Diversity has direct and surprising positive effects on your business. Not only can it yield a range of beneficial impacts but it can also help limit some of the more extreme tendencies your teams may face. It is a proposition I recently put forward in an article for Acquisition International and one that I’d like to reflect on here.
Can and should corporate culture be regulated?
In Australia we are currently witnessing increasing business pressure from ASIC (Australian Securities and Investment Commission) to ensure that culture is being managed.
The recent political events in the UK have reminded me of a saying that I often use; ‘the only thing we can predict about people is that people are unpredictable’. You may be wondering what I mean by this…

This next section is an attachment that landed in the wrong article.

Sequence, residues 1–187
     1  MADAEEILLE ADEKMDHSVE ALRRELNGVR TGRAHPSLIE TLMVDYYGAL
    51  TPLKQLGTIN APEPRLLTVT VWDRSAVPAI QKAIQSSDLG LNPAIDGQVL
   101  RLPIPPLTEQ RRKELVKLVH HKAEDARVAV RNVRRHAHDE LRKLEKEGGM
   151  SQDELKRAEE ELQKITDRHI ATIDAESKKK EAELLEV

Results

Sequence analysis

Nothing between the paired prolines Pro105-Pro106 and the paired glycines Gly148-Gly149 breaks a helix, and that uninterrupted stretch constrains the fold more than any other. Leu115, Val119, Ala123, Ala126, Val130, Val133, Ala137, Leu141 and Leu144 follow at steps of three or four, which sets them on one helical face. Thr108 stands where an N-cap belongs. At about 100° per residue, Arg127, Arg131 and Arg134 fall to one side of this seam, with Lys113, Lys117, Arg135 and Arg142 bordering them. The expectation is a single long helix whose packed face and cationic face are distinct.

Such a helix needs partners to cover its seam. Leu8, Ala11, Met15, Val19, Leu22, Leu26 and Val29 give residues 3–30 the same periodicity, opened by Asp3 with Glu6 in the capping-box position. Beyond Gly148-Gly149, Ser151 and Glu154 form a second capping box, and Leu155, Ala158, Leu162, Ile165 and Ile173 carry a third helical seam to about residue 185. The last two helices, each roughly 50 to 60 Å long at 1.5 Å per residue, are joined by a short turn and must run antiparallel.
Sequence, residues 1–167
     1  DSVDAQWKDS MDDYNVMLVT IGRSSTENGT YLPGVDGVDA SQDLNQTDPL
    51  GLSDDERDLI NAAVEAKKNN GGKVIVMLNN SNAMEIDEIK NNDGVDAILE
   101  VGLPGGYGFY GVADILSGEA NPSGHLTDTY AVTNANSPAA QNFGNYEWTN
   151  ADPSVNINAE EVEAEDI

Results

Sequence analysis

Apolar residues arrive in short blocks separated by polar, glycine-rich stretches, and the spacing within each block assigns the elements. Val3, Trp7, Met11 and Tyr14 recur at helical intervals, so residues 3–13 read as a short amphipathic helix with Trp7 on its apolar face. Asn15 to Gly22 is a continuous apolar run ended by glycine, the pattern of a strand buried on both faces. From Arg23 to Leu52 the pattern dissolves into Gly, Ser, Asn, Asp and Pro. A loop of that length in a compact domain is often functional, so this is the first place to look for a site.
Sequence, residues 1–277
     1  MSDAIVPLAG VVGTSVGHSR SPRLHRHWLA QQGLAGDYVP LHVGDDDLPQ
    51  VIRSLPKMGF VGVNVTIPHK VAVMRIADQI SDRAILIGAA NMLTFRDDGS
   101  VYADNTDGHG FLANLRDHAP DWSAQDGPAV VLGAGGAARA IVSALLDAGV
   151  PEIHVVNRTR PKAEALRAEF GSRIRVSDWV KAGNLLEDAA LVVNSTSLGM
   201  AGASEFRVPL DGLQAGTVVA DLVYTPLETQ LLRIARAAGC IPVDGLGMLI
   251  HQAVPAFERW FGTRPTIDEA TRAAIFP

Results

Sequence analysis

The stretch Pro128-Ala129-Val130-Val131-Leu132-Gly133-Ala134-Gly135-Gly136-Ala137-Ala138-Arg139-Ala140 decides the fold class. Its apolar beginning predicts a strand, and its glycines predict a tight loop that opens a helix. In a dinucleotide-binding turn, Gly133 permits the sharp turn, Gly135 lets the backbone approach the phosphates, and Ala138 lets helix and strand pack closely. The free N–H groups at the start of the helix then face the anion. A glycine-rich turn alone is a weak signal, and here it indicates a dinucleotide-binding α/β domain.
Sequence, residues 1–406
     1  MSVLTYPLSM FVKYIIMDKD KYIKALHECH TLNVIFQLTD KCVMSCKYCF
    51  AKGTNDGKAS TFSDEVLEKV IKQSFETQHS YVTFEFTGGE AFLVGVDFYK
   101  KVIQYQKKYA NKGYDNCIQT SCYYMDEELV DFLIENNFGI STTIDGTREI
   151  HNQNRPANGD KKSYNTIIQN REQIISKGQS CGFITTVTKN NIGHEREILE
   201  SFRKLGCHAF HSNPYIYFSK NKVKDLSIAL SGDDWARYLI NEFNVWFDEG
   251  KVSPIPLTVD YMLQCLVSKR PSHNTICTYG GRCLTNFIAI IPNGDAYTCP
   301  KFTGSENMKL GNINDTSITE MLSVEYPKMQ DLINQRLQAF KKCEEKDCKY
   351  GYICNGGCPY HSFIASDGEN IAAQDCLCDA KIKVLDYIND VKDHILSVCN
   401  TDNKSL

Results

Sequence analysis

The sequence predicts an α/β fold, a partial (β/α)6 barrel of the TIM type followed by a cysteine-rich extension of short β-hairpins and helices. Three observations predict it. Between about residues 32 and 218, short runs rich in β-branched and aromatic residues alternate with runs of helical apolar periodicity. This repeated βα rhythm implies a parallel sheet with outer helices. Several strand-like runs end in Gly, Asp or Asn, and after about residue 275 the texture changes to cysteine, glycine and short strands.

When I ask teams of executives if they can identify the business imperatives for culture in their organisation, one thing that is often mentioned is agility. "We need to become a lot more agile or flexible as an organisation."
More and more organisations want to be in a position to quickly respond to market changes, be the first to implement new ideas, or simply reduce bureaucracy. This question of agility appeals to all – small, medium and large organisations.
But what does it mean for an organisation to be flexible?
Why do we do all this work? What is the value in focussing on culture?
Everything, it seems to me, comes down to certain key behaviours that will make or break the organisation's strategy. Culture is the container which supports these behaviours. Values lead to them. Bonuses reward them. Appointments promote them. Leaders role model them.